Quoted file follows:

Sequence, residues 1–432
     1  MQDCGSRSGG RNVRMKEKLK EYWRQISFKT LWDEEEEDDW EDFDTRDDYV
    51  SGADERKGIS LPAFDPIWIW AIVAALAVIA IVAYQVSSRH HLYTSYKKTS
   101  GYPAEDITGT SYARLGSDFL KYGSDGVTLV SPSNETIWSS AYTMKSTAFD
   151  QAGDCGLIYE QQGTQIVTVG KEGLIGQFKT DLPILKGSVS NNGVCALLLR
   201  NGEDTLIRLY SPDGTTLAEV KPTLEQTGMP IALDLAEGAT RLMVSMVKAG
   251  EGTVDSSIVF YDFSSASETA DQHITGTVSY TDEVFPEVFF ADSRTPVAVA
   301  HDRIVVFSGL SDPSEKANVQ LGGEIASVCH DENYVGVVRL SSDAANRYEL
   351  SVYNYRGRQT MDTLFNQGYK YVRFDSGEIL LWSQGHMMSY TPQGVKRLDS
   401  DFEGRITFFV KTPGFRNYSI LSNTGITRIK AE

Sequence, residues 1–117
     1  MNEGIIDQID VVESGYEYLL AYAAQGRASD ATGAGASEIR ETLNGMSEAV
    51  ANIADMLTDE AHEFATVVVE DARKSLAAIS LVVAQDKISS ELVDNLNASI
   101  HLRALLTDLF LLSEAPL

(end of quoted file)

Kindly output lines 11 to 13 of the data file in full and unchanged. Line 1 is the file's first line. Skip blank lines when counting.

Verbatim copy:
Sequence, residues 1–117
     1  MNEGIIDQID VVESGYEYLL AYAAQGRASD ATGAGASEIR ETLNGMSEAV
    51  ANIADMLTDE AHEFATVVVE DARKSLAAIS LVVAQDKISS ELVDNLNASI